[guest post by Dana]
I wanted to share excerpts from former presidents Bush and Obama concerning the death of George Floyd and the upheaval in which we find ourselves. Both released thoughtful, measured statements and directives. I feel badly just posting excerpts because I think both statements deserve to be read in full.
From George W. Bush:
Laura and I are anguished at the brutal suffocation of George Floyd and disturbed by the injustice and fear that suffocate our country. Yet we have resisted the urge to speak out, because this is not the time for us to lecture. It is time for us to listen. It is time for America to examine our tragic failures – and as we do so, we will also see some of our redeeming strengths.
It remains a shocking failure that so many African Americans, especially African American men, are harassed and threatened in their own country. It is a strength when protesters, protected by responsible law enforcement, march for a better future. This tragedy – in a long series of similar tragedies – raises a long overdue question: How do we end systemic racism in our country? The only way to see ourselves in a true light is to is to listen to the voices of so many who are hurting and grieving. Those who set out to silence those voices do not understand the meaning of America – or how it becomes a better place.
America’s greatest challenge has been to unite people of very different backgrounds into a single nation of justice and opportunity. The doctrines and habits of racial superiority, which once nearly split our country, still threaten our Union. The answers to American problems are answered by living up to America’s ideals – to the fundamental truth that all human beings are created equal and endowed by God with certain rights. We have often underestimated how radical that quest really is, and how our cherished principles challenge systems of intended or assumed injustice. The heroes of America – from Frederick Douglass, to Harriet Tubman, to Abraham Lincoln, to Martin Luther King, Jr. – are heroes of unity. Their calling has never been for the fainthearted. They often revealed the nation’s disturbing bigotry and exploitation – stains on our character sometimes difficult for the American majority to examine. We can only see the reality of America’s need by seeing it through the eyes of the threatened, oppressed, and disenfranchised.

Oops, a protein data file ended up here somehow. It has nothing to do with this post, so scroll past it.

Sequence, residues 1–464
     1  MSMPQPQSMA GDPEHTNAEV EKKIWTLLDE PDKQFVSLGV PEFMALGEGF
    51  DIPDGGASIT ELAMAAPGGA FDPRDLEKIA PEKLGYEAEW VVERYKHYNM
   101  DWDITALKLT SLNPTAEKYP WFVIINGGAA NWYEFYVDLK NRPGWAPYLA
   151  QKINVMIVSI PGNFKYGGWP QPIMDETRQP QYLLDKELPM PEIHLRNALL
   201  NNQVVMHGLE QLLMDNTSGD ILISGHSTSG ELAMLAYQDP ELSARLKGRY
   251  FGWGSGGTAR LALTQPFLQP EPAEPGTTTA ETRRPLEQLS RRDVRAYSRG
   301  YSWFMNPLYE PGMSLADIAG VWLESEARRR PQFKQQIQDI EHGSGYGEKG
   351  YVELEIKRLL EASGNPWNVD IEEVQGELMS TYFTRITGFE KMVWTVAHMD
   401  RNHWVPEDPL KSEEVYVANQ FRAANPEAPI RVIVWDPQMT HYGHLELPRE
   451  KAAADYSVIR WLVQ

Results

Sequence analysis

From Barack Obama’s “How to Make this Moment the Turning Point for Real Change”:
As millions of people across the country take to the streets and raise their voices in response to the killing of George Floyd and the ongoing problem of unequal justice, many people have reached out asking how we can sustain momentum to bring about real change.
First, the waves of protests across the country represent a genuine and legitimate frustration over a decades-long failure to reform police practices and the broader criminal justice system in the United States. The overwhelming majority of participants have been peaceful, courageous, responsible, and inspiring. They deserve our respect and support, not condemnation — something that police in cities like Camden and Flint have commendably understood.
On the other hand, the small minority of folks who’ve resorted to violence in various forms, whether out of genuine anger or mere opportunism, are putting innocent people at risk, compounding the destruction of neighborhoods that are often already short on services and investment and detracting from the larger cause. I saw an elderly black woman being interviewed today in tears because the only grocery store in her neighborhood had been trashed. If history is any guide, that store may take years to come back. So let’s not excuse violence, or rationalize it, or participate in it. If we want our criminal justice system, and American society at large, to operate on a higher ethical code, then we have to model that code ourselves.
I recognize that these past few months have been hard and dispiriting — that the fear, sorrow, uncertainty, and hardship of a pandemic have been compounded by tragic reminders that prejudice and inequality still shape so much of American life. But watching the heightened activism of young people in recent weeks, of every race and every station, makes me hopeful. If, going forward, we can channel our justifiable anger into peaceful, sustained, and effective action, then this moment can be a real turning point in our nation’s long journey to live up to our highest ideals.
And from President Trump today:
Love one another.